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Scans Show Different Growth for Intelligent Brains

By Nicholas Wade
March 30, 2006

The brains of highly intelligent children develop in a different pattern from those with more average abilities, researchers have found after analyzing a series of imaging scans collected over 17 years.

The discovery, some experts expect, will help scientists understand intelligence in terms of the genes that foster it and the childhood experiences that can promote it.

"This is the first time that anyone has shown that the brain grows differently in extremely intelligent children," said Paul M. Thompson, a brain-imaging expert at the University of California, Los Angeles.

The finding is based on 307 children in Bethesda, Md., an affluent suburb of Washington. Starting in 1989, they were given regular brain scans using magnetic resonance imaging, a project initiated by Dr. Judith Rapoport of the National Institute of Mental Health.

This set of scans has been analyzed by Philip Shaw, Dr. Jay Giedd and others at the institute and at McGill University in Montreal. They looked at changes in the thickness of the cerebral cortex, the thin sheet of neurons that clads the outer surface of the brain and is the seat of many higher mental processes.

The general pattern of maturation, they report in Nature today, is that the cortex grows thicker as the child ages and then thins out. The cause of the changes is unknown, because the imaging process cannot see down to the level of individual neurons.

But basically the brain seems to be rewiring itself as it matures, with the thinning of the cortex reflecting a pruning of redundant connections.

The analysis was started to check out a finding by Dr. Thompson: that parts of the frontal lobe of the cortex are larger in people with high I.Q.'s. Looking at highly intelligent 7-year-olds, the researchers said they were surprised to find that the cortex was thinner than in a comparison group of children of average intelligence.

It was only in following the scans as the children grew older that the dynamism of the developing brain became evident. The researchers found that average children (I.Q. scores 83 to 108) reached a peak of cortical thickness at age 7 or 8. Highly intelligent children (121 to 149 in I.Q.) reached a peak thickness much later, at 13, followed by a more dynamic pruning process.

One interpretation, Dr. Rapoport said, is that the brains of highly intelligent children are more plastic or changeable, swinging through a higher trajectory of cortical thickening and thinning than occurs in average children. The scans show the "sculpturing or fine tuning of parts of the cortex which support higher level thought, and maybe this is happening more efficiently in the most intelligent children," Dr. Shaw said.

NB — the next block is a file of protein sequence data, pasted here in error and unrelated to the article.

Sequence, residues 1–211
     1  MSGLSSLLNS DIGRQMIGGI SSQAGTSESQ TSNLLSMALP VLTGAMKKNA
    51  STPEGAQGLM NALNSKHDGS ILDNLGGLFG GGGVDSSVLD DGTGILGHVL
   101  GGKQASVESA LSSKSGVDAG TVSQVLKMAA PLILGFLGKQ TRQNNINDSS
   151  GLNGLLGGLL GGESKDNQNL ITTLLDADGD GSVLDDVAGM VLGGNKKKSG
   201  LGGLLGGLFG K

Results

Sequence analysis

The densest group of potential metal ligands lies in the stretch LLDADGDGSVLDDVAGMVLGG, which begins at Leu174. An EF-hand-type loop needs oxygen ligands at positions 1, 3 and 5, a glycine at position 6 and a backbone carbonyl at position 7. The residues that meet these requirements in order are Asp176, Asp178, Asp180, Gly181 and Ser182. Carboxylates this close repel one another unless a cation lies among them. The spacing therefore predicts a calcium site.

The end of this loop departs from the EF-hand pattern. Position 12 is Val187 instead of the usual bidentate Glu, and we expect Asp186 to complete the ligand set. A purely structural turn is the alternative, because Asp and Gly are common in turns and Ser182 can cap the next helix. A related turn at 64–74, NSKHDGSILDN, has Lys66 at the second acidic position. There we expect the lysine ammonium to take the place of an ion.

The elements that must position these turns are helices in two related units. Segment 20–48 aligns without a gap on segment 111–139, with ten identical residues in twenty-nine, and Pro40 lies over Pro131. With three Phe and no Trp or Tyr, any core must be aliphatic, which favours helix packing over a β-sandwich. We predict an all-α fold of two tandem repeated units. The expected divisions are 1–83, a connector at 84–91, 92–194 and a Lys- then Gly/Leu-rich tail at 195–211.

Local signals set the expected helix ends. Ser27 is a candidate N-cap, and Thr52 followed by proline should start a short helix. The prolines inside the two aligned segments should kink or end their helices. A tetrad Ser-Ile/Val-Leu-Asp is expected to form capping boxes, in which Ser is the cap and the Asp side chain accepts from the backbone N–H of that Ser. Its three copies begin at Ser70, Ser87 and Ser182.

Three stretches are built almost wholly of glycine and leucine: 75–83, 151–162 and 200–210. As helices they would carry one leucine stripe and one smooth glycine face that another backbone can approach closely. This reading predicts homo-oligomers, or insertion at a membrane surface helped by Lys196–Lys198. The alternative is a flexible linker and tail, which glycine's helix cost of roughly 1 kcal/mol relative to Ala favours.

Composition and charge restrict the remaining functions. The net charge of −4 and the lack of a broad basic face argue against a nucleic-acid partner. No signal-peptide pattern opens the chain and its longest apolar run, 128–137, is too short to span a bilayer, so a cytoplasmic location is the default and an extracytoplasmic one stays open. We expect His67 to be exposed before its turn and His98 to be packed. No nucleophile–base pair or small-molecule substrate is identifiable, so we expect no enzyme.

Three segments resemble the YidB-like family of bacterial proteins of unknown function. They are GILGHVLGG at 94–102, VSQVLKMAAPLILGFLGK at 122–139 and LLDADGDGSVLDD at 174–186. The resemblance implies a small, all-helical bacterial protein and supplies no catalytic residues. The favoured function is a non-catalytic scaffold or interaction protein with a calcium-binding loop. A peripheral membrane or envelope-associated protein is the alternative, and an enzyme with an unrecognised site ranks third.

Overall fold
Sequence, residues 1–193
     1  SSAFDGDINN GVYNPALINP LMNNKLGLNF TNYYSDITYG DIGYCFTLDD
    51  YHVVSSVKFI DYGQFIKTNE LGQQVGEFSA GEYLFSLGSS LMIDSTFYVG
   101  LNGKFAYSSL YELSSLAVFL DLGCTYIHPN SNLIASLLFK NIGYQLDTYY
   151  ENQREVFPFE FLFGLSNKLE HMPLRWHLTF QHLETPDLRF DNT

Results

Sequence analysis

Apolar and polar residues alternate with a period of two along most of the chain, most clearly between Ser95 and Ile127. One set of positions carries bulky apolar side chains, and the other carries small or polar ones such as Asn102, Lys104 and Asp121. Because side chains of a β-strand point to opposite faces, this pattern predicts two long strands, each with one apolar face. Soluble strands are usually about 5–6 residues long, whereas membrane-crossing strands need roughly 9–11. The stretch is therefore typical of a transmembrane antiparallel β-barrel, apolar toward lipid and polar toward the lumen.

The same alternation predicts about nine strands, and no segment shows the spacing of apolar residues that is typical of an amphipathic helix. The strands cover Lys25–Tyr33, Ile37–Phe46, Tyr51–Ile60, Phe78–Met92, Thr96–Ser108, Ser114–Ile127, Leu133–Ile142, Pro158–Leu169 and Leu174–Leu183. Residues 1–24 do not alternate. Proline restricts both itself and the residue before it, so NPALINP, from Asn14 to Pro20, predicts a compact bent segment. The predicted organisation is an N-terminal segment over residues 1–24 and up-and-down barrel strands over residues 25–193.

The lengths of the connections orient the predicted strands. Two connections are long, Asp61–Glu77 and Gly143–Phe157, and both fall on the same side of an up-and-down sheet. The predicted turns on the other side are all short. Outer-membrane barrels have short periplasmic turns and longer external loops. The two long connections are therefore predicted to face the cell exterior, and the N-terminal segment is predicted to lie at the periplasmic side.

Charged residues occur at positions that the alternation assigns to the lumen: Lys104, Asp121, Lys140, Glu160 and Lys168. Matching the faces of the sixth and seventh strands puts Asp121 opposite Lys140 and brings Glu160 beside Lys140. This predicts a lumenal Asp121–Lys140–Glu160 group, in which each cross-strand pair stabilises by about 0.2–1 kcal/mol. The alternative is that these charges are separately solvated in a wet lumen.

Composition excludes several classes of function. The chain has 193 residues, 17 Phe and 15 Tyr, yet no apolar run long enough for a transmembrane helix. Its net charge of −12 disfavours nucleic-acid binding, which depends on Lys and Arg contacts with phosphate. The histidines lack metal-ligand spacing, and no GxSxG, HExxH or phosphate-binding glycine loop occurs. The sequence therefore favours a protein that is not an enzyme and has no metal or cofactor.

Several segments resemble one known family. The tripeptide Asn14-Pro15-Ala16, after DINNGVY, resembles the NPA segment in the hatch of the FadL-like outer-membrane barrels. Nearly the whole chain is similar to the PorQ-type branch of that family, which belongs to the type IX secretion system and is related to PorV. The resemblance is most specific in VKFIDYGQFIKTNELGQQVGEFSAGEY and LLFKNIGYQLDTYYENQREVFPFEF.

The I.Q. was tested when the children entered the program. Further tests were not needed because I.Q.'s are so stable, Dr. Rapoport said.

Dr. Thompson said the new study opened huge possibilities because researchers should be able to identify the factors that influence the brain by looking at the scan patterns identified by the researchers.

The Bethesda children have had genetic samples taken from their cells, so genes that have even the mildest influence on the brain should be detectable, Dr. Thompson said. The pattern of development may also be affected by factors like diet, hours spent in school or the number of siblings, and these may come to light by asking parents how they raised their children.

"There are many enigmas of intelligence that they can now solve," he said.

I.Q. scores and measuring intelligence have long been controversial. Brain-imaging studies by Dr. Thompson and the study group have advanced the field by identifying physical features of the brain that correlate with I.Q.

In 2001, Dr. Thompson reported that based on imaging twins' brains the volume of gray matter in the frontal lobes and other areas correlated with I.Q. and was heavily influenced by genetics. Despite the great importance of genes in brain function, Dr. Thompson said experience could also change the brain.

"Unless you have strong natural potential, you won't become a world-class marathon runner," he said. "But that disillusionment is rapidly replaced by the notion that you can improve your own performance."

The institute's team has many genetic studies in progress. The analysis reported today was not intended to look at the relationship between genes and intelligence.

"A lot of research in intelligence has not been that great," Dr. Shaw said. "I would hope by this modest descriptive study to put things on an empirical footing."

One goal of the study was to establish normal development patterns, to diagnose what goes awry in children with schizophrenia or attention deficits. Dr. Shaw said his team did not have the full answers as to how the brain differed in those cases.

Original source: http://www.latimes.com

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